Top tips to help your baby's development

By Dr Lin Day, Baby Sensory

In a relatively short period of time, your baby will change from being a helpless individual to a walking toddler. This momentous achievement depends on muscle development and the growth of the brain pathways that become increasingly specialised in movement control in the first year. Here are a few essentials that can help your baby reach their physical milestones.

Head control: Being able to lift up the head is a baby’s first and most important developmental milestone. Babies that are placed on their tummies during waking hours often achieve head control sooner than those who are used to lying on their backs. To encourage head control, place your baby on their tummy and keep them company on the floor. If your baby needs extra support, place a rolled up towel under their chest. In this position, they will lift up their head to get a better view of you and the world around them.

Tummy time: Put your baby onto their tummy during supervised play to strengthen upper body muscles in preparation for rolling over, sitting and crawling. If your baby finds tummy time physically uncomfortable, make it fun. Lie on the floor and put your baby face down on your chest. Make funny sounds to encourage them to look up at you. Place your baby on a colourful quilt with squeaky toys attached. Remove their socks so they can get good traction on the play mat. Put them on their tummy over a gym ball. Hold them firmly while you gently rock the ball back and forth. They will soon learn to shift their body weight, which improves balance and coordination.

Rolling over: The ability to roll over depends on plenty of tummy time, which develops strong head, neck and arm muscles. The movement usually occurs at about five months of age, but can happen sooner. With increasing practise, your baby will roll from tummy to back and then on to their tummy again with a short rest in between. The skill can be encouraged by placing a colourful toy or rattle to one side and by helping your baby to roll over. Rolling enables them to get to interesting objects, so you need to be on the lookout for hazards.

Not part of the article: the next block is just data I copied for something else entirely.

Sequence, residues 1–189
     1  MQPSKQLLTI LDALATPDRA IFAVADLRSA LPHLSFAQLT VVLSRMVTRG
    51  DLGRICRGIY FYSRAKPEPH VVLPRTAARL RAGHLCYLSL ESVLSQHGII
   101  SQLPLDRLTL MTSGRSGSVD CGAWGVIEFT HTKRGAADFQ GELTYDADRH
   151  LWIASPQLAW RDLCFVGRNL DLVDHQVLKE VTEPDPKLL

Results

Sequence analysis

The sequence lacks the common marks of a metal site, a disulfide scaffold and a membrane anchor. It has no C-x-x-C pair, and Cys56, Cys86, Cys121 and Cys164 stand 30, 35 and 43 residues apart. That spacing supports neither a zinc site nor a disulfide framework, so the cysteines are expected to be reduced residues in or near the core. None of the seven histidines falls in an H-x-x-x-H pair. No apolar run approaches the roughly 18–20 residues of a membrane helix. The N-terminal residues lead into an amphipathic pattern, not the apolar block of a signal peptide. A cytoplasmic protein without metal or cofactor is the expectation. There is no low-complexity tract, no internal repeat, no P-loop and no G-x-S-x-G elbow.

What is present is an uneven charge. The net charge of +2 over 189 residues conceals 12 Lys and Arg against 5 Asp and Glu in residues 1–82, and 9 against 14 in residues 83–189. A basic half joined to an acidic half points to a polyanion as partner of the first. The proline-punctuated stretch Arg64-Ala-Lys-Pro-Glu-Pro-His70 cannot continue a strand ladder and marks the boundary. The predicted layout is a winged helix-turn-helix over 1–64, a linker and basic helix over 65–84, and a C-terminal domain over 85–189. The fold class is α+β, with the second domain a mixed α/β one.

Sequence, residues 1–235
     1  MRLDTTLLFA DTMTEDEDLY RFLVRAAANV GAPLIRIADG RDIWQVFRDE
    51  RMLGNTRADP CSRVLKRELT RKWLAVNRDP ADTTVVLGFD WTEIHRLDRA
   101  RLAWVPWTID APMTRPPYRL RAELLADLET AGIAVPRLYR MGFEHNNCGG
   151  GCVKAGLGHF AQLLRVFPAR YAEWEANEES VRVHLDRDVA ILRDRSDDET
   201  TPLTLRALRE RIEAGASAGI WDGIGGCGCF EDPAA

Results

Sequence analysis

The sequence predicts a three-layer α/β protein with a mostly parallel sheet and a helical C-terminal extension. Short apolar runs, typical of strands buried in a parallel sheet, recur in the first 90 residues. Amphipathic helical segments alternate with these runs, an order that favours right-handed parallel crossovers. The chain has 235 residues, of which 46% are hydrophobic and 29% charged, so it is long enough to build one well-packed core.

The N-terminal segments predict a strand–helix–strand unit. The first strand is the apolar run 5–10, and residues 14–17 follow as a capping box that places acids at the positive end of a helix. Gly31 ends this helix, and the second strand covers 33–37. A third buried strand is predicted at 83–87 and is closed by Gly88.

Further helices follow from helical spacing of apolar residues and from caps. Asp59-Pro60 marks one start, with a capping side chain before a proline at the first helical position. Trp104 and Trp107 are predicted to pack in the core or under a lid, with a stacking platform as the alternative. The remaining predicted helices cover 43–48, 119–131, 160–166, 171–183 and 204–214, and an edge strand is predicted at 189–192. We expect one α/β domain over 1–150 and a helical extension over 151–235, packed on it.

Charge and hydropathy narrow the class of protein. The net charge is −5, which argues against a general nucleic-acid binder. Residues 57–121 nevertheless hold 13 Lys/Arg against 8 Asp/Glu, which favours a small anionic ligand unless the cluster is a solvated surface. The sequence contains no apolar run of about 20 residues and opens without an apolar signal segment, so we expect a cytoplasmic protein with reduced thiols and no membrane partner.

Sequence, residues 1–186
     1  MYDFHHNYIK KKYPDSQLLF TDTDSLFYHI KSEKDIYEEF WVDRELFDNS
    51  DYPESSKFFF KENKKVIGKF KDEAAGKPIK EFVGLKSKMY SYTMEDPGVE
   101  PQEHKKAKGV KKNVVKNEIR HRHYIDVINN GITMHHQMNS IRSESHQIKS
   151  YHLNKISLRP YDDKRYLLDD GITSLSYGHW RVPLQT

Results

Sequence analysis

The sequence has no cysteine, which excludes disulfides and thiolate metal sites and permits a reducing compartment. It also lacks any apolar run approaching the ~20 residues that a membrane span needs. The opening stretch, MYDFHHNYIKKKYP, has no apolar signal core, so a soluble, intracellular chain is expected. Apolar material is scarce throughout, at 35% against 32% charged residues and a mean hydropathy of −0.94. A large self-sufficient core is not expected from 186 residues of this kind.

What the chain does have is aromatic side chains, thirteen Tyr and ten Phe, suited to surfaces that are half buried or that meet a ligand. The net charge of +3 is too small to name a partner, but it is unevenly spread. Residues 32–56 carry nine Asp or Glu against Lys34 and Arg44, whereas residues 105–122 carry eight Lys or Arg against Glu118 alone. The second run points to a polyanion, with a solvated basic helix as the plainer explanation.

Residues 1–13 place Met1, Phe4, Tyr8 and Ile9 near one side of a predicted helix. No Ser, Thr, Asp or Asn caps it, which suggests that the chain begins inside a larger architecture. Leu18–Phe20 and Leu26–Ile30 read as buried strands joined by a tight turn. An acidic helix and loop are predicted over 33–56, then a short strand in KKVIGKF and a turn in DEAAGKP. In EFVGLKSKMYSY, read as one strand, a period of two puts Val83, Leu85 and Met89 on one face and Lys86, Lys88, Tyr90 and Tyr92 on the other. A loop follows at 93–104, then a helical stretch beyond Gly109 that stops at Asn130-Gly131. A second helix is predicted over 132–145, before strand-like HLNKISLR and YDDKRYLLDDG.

Sitting: Holding a sitting position without toppling over is one of the trickiest things your baby has to learn. Lateral propping with cushions is essential until they gain full control of their upper body. Most babies achieve an upright position at about six months of age, which leads to greater use of their hands. Toys with buttons to push or a treasure basket filled with interesting household objects will invite exploration and will encourage hand-to-eye coordination.

Crawling: Moving about on all fours is an important developmental step. The movement stimulates left and right brain development, improves elasticity and contractibility of the muscles, relieves tension  in the joints during growth spurts, promotes better sleeping patterns and boosts the immune system. To encourage this essential skill, place a toy, ball or baby mirror just out of reach. If your baby crawls backwards, this simply means that the muscles in their forearms are stronger than the muscles in their legs.

Walking: Putting one foot in front of the other requires a lot of muscle power, coordination and mental determination. To help your baby take their tentative first steps, kneel down and hold out your hands to encourage them to walk towards you. Take off your baby’s shoes. Going barefoot improves balance and coordination, builds arches, strengthens ankles and makes the muscles work harder. A toddler truck is another great way to provide early walking support. Praise and encouragement are important, too. Most babies learn to crawl between six and eleven months, while others walk early or as late as two years.

Your baby is unique and will reach the developmental milestones at his own pace. No two babies are the same.

Dr Lin Day has worked with babies and young children throughout her career. She also Developed Baby Sensory, the only provider of baby development classes designed specifically for babies from birth to 13 months old.

Note: The views and advice expressed on this blog post are those of the author and are not representative of the Pregnancy Babies & Children's Expo.

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